FIBL & IFOAM The World of Organic Agriculture Statistics & Emerging Trends 2018

After the last edition the world of Organic Agriculture Statistics & Emerging Trends 2017 , IFOAM Published the annual report of 2018 to bring a new updates of recent progress of the organic agriculture sector 2018. Organic agriculture is practiced in 178 countries, and 57.8 million hectares of agricultural land are managed organically by approximately 2.7 million farmers.

The global sales of organic food and drink reached almost 90 billion US Dollars in 2016, according to Ecovia Intelligence.

The 19th edition of The World of Organic Agriculture, published by the Research Institute of Organic Agriculture (FiBL) and IFOAM – Organics International, provides a comprehensive review of recent developments in global organic agriculture. It includes contributions from representatives of the organic sector around the world and provides comprehensive organic farming statistics that cover the area under organic management, specific information about land use in organic systems, the number of farms and other operator types, and selected market data. The book also contains information about the global market for organic food, information on standards and regulations, organic policy, and insights into current and emerging trends in organic agriculture in Africa, Asia, Europe, the Mediterranean, Latin America and the Caribbean, North America, and Oceania. In addition, the volume contains reports about the organic sector in Australia, Canada, Ukraine, the Pacific Islands, and the United States of America and brief updates for various countries in Asia as well as Latin America and the Caribbean. The book also includes an article about organic cotton and a chapter reviewing key commodities certified by selected Voluntary Sustainability Standards (VSS).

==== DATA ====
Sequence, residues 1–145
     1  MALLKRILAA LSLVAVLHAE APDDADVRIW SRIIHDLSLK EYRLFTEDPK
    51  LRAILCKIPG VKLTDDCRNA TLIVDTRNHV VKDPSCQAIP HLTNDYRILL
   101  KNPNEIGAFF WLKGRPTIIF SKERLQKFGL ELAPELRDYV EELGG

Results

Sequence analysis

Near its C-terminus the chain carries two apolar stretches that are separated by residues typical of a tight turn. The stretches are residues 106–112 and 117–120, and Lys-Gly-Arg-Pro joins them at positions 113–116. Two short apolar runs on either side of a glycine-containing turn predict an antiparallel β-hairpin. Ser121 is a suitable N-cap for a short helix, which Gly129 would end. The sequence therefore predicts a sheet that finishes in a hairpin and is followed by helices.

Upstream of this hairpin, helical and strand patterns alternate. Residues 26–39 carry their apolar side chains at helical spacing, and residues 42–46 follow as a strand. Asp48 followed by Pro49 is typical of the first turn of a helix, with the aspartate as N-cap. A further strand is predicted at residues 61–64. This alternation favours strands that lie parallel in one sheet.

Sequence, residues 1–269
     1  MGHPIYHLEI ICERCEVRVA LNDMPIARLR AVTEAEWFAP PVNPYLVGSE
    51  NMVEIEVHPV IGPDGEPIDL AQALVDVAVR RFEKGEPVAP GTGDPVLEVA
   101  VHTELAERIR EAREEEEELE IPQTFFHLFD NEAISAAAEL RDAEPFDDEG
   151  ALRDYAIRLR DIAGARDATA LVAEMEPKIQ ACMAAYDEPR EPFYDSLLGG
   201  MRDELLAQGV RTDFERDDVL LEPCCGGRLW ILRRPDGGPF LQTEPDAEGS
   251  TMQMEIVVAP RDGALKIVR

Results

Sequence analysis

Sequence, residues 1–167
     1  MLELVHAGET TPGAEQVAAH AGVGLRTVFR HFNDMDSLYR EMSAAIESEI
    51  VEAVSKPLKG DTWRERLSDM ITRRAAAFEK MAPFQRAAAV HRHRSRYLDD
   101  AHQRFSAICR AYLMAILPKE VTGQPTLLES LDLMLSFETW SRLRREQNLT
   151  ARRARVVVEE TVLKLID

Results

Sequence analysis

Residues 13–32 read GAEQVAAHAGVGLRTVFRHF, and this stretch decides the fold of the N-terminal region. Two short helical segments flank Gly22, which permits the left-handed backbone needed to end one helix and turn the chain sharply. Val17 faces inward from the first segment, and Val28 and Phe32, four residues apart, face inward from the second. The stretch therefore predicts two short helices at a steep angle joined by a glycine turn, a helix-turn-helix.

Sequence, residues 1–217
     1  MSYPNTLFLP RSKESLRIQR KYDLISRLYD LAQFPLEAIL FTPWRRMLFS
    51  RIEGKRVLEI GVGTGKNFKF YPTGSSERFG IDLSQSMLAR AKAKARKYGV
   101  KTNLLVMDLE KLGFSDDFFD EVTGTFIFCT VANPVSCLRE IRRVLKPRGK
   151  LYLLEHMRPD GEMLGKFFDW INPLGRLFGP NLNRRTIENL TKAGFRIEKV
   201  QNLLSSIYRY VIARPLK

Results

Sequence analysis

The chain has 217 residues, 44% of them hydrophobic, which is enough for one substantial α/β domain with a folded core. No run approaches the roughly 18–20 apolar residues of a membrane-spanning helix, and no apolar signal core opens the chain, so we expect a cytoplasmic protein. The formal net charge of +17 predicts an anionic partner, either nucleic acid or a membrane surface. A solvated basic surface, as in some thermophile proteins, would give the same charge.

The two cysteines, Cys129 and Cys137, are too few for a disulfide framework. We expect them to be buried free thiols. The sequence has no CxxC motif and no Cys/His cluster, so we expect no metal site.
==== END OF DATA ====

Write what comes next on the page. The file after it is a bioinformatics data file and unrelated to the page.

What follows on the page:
Because we understand that our strength lies in our numbers, teaming up with people from around the world who believe they can contribute to positive change allows us to amplify our messages while taking an honest and critical look at our food systems.

You can read the whole report from here